And for the price tag I think I could get a better case. I personally consider $90-$100 for a case to be at my high end. For $90 that case better be damn near perfect.

captaincranky captaincranky, TechSpot Addict, said:

My 2 complaints I see on it are 1) I don't like how the USB ports in the front face up. It would be fine for just jump drives, especially if your case is sitting on the floor, but if you plug something with a cord into those front drives I see a lot of stress being put on the USB plug.
This is a compromise made in the Antecx 900 series as well. That's exactly the point of the front mounted USB ports, ease of access with jump drives. To neaten up a permanent install, you'd have to glue USB hub on the back. A less than ideal solution, but serviceable where absolute speed isn't required.

2) Lacking of front fans turns me away also. I like to have 2 fans preferable in the front of my case cooling my hdd's.
My P-4 rig (eMachines T-5026 is Matx w/ no front fan has been turning me off about that for 8 years now, yet it survives..(it's IGP though)).

And for the price tag I think I could get a better case. I personally consider $90-$100 for a case to be at my high end. For $90 that case better be damn near perfect.
Case prices have gone up in general, ostensibly because the metal markets are up. Point being, I "dry shop" all the time, and Newegg's case "sales", aren't anywhere near as good as they used to be.

Staff
Steve Steve said:

In South Africa the CM Scout 2 is actually quite good value for money. It's far cheaper than both the Lian Li that you mentioned & Corsair 300R. As for the exclusion of the eSATA port... Who the hell uses it? I've never met anybody who does. Even if I fitted it with 3 extra decent fans it would still be a bit cheaper than the aforementioned cases. I'm quite impressed with it.

It's possible you are in the minority in both cases.

I found something weird while reading the article.

On Page 3 you said half a dozen Scorpio Blue drives + one Hitachi drive was installed. But the image shown only shows 5 drives in total, and one of them is a 3TB drive which wasn't stated in the article...

Then on the last page you conclude that the case has only 4 3.5" hard disk bays when I saw 5 drives being installed on Page 3...

Weird much?

Not weird. The hardware we use to test the cases is quite old now so we take photos with more recent hardware installed that's all. Plus when working on these reviews we don't just install the test configuration and move on, we try a number of different hardware configurations to see if there are any compatibility issues we should mention.

madboyv1, TechSpot Paladin, said:

Somewhat off topic, but lately there's been such an influx of announcements and articles and rumors... it made me feel like we hadn't had a computer hardware review on this site in a month... oh wait, strictly speaking it was; the matter-of-fact review WD 3TB drive did not bring anything new to the table, and then before that you had the battle of the green cases (lol).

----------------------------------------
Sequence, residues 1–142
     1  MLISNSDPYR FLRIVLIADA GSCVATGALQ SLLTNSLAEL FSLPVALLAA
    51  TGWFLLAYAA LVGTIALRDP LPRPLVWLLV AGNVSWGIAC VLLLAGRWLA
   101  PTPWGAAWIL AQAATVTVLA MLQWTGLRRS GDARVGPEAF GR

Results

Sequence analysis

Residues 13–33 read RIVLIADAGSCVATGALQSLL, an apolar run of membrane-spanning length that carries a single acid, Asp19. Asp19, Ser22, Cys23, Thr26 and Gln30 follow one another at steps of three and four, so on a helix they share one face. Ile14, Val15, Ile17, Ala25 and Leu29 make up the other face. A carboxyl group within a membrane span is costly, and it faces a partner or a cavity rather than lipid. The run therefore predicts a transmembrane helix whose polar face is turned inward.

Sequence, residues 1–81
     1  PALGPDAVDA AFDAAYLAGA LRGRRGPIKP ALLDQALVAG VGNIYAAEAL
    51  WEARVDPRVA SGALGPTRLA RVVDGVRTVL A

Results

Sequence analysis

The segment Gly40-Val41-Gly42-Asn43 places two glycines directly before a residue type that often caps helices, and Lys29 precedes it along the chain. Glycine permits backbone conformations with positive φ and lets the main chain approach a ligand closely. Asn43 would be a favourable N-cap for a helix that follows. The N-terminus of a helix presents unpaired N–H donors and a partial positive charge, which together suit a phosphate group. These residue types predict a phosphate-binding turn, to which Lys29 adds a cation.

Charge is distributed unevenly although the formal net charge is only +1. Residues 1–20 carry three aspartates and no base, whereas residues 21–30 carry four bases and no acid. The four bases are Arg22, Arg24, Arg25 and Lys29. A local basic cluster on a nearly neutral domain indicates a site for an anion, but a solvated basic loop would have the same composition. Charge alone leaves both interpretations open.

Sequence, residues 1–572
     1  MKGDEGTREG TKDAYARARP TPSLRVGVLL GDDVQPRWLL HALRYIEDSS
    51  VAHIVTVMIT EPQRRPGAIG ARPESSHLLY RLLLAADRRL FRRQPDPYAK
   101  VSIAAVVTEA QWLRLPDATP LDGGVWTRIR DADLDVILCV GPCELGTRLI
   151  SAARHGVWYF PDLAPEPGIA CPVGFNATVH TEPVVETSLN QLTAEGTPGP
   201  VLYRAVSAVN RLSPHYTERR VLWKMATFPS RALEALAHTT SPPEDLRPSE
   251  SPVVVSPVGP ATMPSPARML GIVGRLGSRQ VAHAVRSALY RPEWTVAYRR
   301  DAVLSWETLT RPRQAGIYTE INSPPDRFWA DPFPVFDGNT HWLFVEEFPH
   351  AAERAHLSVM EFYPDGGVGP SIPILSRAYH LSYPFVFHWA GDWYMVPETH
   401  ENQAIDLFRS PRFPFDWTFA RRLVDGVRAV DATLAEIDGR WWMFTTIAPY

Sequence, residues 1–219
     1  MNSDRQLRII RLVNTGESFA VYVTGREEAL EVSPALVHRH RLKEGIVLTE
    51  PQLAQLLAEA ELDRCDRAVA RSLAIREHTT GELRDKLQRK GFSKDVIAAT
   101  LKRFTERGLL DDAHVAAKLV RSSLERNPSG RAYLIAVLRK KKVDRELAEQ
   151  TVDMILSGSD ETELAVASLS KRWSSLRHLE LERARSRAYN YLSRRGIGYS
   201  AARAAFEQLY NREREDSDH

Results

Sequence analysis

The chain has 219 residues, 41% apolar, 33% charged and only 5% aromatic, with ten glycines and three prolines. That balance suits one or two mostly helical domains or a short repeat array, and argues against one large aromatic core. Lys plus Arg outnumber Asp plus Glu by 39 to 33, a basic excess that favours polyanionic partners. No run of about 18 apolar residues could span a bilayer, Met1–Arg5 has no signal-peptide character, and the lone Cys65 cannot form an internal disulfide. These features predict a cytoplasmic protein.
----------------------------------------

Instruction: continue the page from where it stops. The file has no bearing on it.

So... this review was a pleasure to read, if not just because of it's existence. Thanks for the good work.

Staff
Steve Steve said:

Somewhat off topic, but lately there's been such an influx of announcements and articles and rumors... it made me feel like we hadn't had a computer hardware review on this site in a month... oh wait, strictly speaking it was; the matter-of-fact review WD 3TB drive did not bring anything new to the table, and then before that you had the battle of the green cases (lol).

So... this review was a pleasure to read, if not just because of it's existence. Thanks for the good work.

It was a 4TB WD Black hard drive review but whatever lol. I think you can safely assume going forward that every December and probably even January are going to be quiet months for reviews. They will largely be dominated by announcements and articles and rumors.

madboyv1, TechSpot Paladin, said:

My bad, I meant 4TB. I wouldn't have even read it if it was 3TB; a slip of the fingers, honest! =p

Also, I noticed the same thing recollecting from last year and the year before, but I never said anything until now. Though things ought to get interesting when CES rolls through next week; with those announcements and rumors of course. Come on, Daddy still needs to buy a new laptop!

Guest said:

The Cooler Master Storm Scout I & II really have very little competition in my opinion. I know the article stated several, but the massive appeal to this case is the handle, of which none of the competition had.. I never hesitate to volunteer to take my comp anywhere since I know I am very unlikely to drop it. For those that ever take their computer out of their house, buying this case is a no brainer. I am actually surprised of how little mention there was of this feature, since that is the massive appeal to this case.

captaincranky captaincranky, TechSpot Addict, said:

The Cooler Master Storm Scout I & II really have very little competition in my opinion. I know the article stated several, but the massive appeal to this case is the handle, of which none of the competition had.. I never hesitate to volunteer to take my comp anywhere since I know I am very unlikely to drop it. For those that ever take their computer out of their house, buying this case is a no brainer. I am actually surprised of how little mention there was of this feature, since that is the massive appeal to this case.
No mention, really?

While it isn't in the article proper, I did address it in the first comment.....

I realize testing procedure is dictated by what gear is available to do the testing with, but it's hardly fair to stuff the same gear into a full tower cabinet, as you do into a portable case. If there isn't a huge temperature disparity toward cooler, the full tower is the junker.

Part of the original Scout's charm, (at least for me), is the way it always calls to mind the, army "jerry can". I'm sure CM was trying for a slightly more modern, aggressive, weapons related association, yet still, you can't fight a war without without gasoline and water:

And I happily have 2 of the originals, but I'm luke warm on the new one, 'cause the handle doesn't look quite as sturdy.:eek:

Guest said:

I personally cannot see this case being good value for money, in the U.K anyway, at just over £82 (£ 94 With Shipping) from one of the big computer component stockists plus the cost of adding a further 6 good quality fans at an average price of £10 each the case tops the price of £152, there are numerous other cases which represent better value for money for less than £152.00..................